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Fist of Fury (1972)

Jing wu men (original title)
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A young man seeks vengence for the death of his teacher.

Director:

Wei Lo

Writer:

Wei Lo (screenplay) (as Lo Wei)
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Popularity
4,312 ( 39)
2 wins & 1 nomination. See more awards »

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Cast

Cast overview, first billed only:
Bruce Lee ... Chen Zhen
Nora Miao ... Yuan Le-erh (as Miao Ker Hsiu)
James Tien ... Fan Chun-hsia
Maria Yi ... Yen
Robert Baker Robert Baker ... Petrov
Fu Ching Chen ... Chao
Shan Chin ... Tung
Ying-Chieh Han ... Feng Kwai-sher
Chikara Hashimoto Chikara Hashimoto ... Hiroshi Suzuki (as Riki Hashimoto)
Jun Katsumura Jun Katsumura ... Suzuki's bodyguard
Chung-Hsin Huang ... Tien
Kun Li ... Hsu (as Quin Lee)
Feng Tien ... Fan
Ying-Chi Li Ying-Chi Li ... Li (as Yin Chi Lee)
Tony Liu ... Chin
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Storyline

Returning to Shanghai to marry his fiancée, Chen Zhen (Bruce Lee) a student of renowned martial arts teacher Huo Yuanjia, discovers his sifu has died. During the funeral, members of a local Japanese dojo show up and insult the Chinese students. The bullying continues, with Chen fighting back, but when he discovers the truth - that his teacher was poisoned on the orders of the dojo's master - he sets off on a doomed mission of revenge. Written by Matti-Man

Plot Summary | Add Synopsis

Taglines:

Bruce Lee is DYNAMITE! [UK] See more »


Certificate:

R | See all certifications »

Parents Guide:

View content advisory »
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Details

Country:

Hong Kong

Language:

Mandarin | Cantonese | English

Release Date:

9 September 1972 (USA) See more »

Also Known As:

Fist of Fury See more »

Filming Locations:

Hong Kong, China See more »

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Box Office

Budget:

$100,000 (estimated)
See more on IMDbPro »

Company Credits

Production Co:

Golden Harvest Company See more »
Show more on IMDbPro »

Technical Specs

Runtime:

| (PAL) | (initial release)

Sound Mix:

Mono

Color:

Color (Eastmancolor)

Aspect Ratio:

2.35 : 1
See full technical specs »
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Did You Know?

Trivia

As well as doing stunts for this movie, Jackie Chan has a small role as one of the Chinese students who are attacked by the Japanese. See more »

Goofs

Yoshida's hakama is worn backwards. See more »

Quotes

[Chen has overheard the cook saying he poisoned his teacher. Enraged, he bursts in and shoves him against the wall]
Chen: [shouts] Why did you kill my teacher? Why? Why? Why? Why? Why? Why? Why? Why?
[With each "Why?" he puts his fist into the cook. With the last blow, the cook's ribs crack and he dies]
See more »

Alternate Versions

For its original 1972 UK cinema release the BBFC requested a cut to remove a shot of a flying throat kick, though it appeared intact in all early theatrical prints and was possibly waived before release. In 1978 the film was withdrawn by BBFC director James Ferman (together with Enter the Dragon) and all nunchaku footage removed together with the previously mentioned throat kick, and these cuts, (totalling 2 mins 51 secs) would persist in all of the film's UK video releases. The cuts were fully restored for the 2001 Hong Kong Legends release. See more »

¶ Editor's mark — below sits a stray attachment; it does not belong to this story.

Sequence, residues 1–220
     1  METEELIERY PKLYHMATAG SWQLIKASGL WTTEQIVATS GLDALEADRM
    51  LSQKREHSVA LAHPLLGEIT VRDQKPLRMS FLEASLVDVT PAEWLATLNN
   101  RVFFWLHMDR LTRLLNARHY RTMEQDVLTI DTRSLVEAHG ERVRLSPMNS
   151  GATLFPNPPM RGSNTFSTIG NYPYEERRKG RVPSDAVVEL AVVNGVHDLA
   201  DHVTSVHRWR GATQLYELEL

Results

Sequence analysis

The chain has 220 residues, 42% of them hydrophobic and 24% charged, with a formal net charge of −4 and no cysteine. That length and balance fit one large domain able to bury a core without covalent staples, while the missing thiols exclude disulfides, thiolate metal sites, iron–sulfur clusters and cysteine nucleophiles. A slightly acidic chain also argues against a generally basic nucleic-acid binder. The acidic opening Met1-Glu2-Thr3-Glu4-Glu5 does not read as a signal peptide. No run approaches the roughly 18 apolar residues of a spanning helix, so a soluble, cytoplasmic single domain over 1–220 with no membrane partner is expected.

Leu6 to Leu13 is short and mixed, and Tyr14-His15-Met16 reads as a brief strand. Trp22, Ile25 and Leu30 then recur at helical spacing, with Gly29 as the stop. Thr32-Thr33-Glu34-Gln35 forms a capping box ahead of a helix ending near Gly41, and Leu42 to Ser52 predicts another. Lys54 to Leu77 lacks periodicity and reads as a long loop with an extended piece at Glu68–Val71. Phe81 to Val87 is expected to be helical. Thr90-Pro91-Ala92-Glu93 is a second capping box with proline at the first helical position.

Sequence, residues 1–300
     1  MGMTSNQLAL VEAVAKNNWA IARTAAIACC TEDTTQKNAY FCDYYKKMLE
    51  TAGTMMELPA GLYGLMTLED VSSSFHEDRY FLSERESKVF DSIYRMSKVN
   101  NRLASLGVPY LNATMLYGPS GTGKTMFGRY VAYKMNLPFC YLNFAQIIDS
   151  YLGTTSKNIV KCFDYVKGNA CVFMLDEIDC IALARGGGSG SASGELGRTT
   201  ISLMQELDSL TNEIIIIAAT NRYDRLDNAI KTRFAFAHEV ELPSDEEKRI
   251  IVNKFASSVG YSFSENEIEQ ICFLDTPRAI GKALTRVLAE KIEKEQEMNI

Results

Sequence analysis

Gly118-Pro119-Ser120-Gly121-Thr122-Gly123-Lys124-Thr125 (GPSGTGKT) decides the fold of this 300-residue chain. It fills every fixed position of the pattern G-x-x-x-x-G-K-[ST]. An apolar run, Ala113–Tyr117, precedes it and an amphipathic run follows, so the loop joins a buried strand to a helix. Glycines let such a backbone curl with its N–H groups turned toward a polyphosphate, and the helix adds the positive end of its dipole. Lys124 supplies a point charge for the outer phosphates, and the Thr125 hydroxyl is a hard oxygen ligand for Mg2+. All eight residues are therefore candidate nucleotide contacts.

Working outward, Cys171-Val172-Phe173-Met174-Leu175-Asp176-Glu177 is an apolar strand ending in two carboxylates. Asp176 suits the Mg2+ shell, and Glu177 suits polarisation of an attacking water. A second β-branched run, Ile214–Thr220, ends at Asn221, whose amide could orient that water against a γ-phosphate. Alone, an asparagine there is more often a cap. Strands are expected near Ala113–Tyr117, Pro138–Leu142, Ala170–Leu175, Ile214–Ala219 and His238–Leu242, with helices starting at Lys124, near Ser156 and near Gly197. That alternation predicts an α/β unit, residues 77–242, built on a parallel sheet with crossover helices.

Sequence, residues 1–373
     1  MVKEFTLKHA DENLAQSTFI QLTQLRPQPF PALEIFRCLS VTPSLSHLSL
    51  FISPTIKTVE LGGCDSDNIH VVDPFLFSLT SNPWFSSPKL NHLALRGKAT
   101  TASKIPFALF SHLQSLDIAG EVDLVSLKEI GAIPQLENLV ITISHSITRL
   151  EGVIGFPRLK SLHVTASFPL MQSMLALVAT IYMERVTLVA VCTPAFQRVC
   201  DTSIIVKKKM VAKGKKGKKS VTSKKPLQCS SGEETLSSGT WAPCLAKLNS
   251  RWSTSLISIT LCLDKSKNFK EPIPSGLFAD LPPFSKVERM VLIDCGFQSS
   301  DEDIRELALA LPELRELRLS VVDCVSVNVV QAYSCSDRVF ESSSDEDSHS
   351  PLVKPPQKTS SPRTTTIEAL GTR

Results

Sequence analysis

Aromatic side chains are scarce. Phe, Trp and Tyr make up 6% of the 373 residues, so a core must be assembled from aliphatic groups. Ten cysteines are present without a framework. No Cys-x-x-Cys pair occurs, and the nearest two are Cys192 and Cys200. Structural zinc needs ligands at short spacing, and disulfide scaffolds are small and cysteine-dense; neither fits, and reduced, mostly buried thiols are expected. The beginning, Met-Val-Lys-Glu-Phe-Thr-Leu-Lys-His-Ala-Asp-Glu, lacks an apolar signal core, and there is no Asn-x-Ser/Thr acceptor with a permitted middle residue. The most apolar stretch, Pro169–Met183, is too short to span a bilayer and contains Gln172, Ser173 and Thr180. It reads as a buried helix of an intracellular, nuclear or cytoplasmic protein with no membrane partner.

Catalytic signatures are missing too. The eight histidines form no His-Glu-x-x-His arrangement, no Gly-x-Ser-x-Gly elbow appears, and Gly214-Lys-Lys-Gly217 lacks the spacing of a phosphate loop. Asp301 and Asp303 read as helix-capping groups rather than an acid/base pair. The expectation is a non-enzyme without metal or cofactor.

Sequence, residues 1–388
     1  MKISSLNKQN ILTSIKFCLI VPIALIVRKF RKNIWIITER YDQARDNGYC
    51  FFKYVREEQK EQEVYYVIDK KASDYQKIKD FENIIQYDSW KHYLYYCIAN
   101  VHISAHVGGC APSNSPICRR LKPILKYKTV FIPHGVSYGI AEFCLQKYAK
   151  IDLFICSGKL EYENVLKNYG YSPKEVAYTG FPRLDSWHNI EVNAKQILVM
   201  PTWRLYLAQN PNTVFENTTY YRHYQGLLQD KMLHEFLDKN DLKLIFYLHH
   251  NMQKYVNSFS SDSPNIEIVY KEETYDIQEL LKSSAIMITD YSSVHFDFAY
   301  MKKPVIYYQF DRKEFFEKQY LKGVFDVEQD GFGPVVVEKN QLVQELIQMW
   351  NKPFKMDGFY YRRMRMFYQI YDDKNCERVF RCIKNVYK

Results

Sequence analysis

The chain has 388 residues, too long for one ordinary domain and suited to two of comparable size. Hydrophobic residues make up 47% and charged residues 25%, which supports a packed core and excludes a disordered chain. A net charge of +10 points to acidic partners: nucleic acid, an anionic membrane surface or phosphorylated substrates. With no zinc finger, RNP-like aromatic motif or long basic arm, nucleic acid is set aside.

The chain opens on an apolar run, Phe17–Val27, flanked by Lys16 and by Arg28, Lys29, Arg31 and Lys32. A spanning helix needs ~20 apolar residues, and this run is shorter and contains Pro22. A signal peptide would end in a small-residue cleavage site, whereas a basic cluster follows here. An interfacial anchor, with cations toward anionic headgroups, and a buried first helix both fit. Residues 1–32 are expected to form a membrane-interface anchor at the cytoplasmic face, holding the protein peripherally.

Connections

Referenced in Young Star Gazers (1975) See more »

Soundtracks

Atmospheres
Written by György Ligeti
Performed by Das Orchester des Südwestfunks Baden-Baden
Courtesy of MGM Records
Brief excerpt, played twice, during dramatic death scenes
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Frequently Asked Questions

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User Reviews

Lee's most conventional martial arts film, but still classic stuff
19 October 2004 | by DrLeneraSee all my reviews

The second of the Bruce Lee-starring movies is in terms of plot a lot less interesting than the first. Here, we have the 'student sets out to avenge his master's death' which was already the major storyline of most martial arts films. However, it is handled in a more realistic way then usual and technically it is far superior. Lee was allowed to choreograph his own fights and his battle with Japanese martial artists in their school and climactic duels with a Russian boxer and a Japanese swordsman remains classic fight scenes.

The film drags somewhat in the middle although the lengthy dialogue scene between Lee and his girlfriend was another step forward for the Hong Kong martial arts movie, vivid proof that Lee was a pretty good ACTOR. By contrast, Lee's final farewell to his girlfriend is all the more powerful for being done completely without dialogue at all. The ending is the most powerful and moving of all the Lee films, the final freeze frame managing to encapsulate Lee's grace and power in a single shot.

Many mock Lee's films as being silly and just consisting of fighting. Both accusations are completely untrue. They have far less fights than most films of this kind and, at least in the three Hong Kong films he made, there is a clear message that violence does not solve anything. They may not have the polish of the more recent works of Jackie Chan and Jet Lee but their power remains undiminished, as long as of course one does not watch the awful dubbed versions!


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